Well, President Nixon went to Yalta alter all — despite the White House protestations that he would not. The Soviets insisted that Nixon go to Yalta, and it seems that whatever Brezhnev wants, Brezhnev gets. For a few days, the White House tried to put across the fiction that Nixon was going only to Oreanda; but that turned out to be merely a section of Yalta.
Stalin was similarly insistent that President Franklin Roosevelt meet him at Yalta in 1945. At least ten alternative sites were considered, but Stalin held out for Yalta. Winston Churchill later remarked: “If we had spent ten years on research, we could not have found a worse place in the world than Yalta. …It is good for typhus and deadly lice which thrive in those parts.”
The reason Richard Nixon was reluctant to go there is because Yalta has almost become a synonym for sellout and secret agreements. It was at Yalta in 1945 that President Roosevelt agreed to give one-third of Poland to Russia, to allow Communists to control the remainder of Poland, to let the Soviets use German prisoners as slave labor, to forcibly return to Stalin all Russian citizens who had fled from Russia, and to give the Soviets three votes in the United Nations.
There was no reason for Roosevelt to make any concessions to Stalin. The United States then had the most powerful army, navy, and airforce in the world. Shortly before Roosevelt left for Yalta, he was told by General Leslie Groves, in charge of the atom bomb project, that its success was “a 99 percent certainty” and that it would be “extremely powerful.”
On March 1, 1945, President Roosevelt appeared before a joint session of Congress to give what he called “a personal report to you and at the same time to the people of the country” on the Yalta Conference. In the course of his address, Roosevelt asserted: “This Conference concerned itself only with the European war and with the political problems of Europe, and not with the Pacific war.” Months later we learned that Yalta did in fact deal in detail with the Pacific war. Roosevelt agreed to give the Soviets the Kurile Islands, the southern half of Sakhalin, the naval base of Port Arthur, and control of the Chinese-Eastern Railroad and the commercial port of Dairen.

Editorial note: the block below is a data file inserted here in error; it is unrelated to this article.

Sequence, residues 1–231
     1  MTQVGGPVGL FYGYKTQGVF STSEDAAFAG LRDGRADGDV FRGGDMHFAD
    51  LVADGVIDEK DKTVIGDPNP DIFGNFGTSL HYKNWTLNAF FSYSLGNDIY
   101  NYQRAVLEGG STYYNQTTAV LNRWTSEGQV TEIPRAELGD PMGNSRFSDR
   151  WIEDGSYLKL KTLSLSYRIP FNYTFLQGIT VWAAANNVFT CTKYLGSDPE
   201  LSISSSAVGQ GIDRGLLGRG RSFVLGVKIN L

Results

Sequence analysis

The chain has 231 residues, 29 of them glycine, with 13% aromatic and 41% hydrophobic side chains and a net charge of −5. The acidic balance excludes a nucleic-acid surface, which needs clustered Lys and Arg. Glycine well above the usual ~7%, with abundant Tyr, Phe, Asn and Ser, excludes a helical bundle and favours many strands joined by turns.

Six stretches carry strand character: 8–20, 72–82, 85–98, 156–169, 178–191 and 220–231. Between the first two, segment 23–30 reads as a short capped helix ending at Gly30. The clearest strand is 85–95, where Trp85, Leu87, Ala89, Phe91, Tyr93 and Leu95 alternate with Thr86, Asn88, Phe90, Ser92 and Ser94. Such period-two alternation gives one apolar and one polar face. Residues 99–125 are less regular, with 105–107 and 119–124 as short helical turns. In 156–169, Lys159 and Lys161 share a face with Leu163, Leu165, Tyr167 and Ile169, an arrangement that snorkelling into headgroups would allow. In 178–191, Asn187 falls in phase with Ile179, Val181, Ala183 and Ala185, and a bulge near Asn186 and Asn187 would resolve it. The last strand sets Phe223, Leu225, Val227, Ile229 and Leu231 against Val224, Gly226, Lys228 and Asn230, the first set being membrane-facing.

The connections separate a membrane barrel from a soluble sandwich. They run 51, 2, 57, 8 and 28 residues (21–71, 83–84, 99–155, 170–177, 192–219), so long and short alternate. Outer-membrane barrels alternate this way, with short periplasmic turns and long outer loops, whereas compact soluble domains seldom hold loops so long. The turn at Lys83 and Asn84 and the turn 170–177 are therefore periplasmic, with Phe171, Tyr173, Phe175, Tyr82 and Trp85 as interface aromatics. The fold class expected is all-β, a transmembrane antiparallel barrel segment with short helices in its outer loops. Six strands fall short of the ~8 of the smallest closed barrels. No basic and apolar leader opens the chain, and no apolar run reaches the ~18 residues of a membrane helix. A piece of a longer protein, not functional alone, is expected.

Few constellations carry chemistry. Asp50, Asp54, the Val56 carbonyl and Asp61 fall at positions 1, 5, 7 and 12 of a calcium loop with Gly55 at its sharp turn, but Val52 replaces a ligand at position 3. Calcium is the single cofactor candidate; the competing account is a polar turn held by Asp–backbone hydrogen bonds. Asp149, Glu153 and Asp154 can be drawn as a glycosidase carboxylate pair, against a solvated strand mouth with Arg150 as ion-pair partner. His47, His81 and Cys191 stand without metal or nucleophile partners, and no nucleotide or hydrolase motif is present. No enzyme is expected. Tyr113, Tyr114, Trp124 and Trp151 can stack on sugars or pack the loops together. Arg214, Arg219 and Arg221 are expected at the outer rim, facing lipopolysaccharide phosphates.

The chief of the U.S. military mission to the Soviet Union, Major General John R. Deane, summed up U.S. relations with the Soviets in a top secret memo to General George Marshall: “It is amazing how these [vodka] toasts go down past tongues in cheeks. After the banquet we send the Soviets another thousand airplanes and they approve a visa that has been hanging fire for months. We then scratch our heads to see what other gifts we can send, and they scratch theirs to see what they can ask for.”
As the old French saying goes, the more things change, the more they remain the same. Thirty years later, another U.S. President is still scratching his head to see what other gifts we can send the Soviets, and they are still scratching theirs to see what they can ask for. We may not know for months, or even years, what secret deals may have been made at the 1974 Yalta Conference.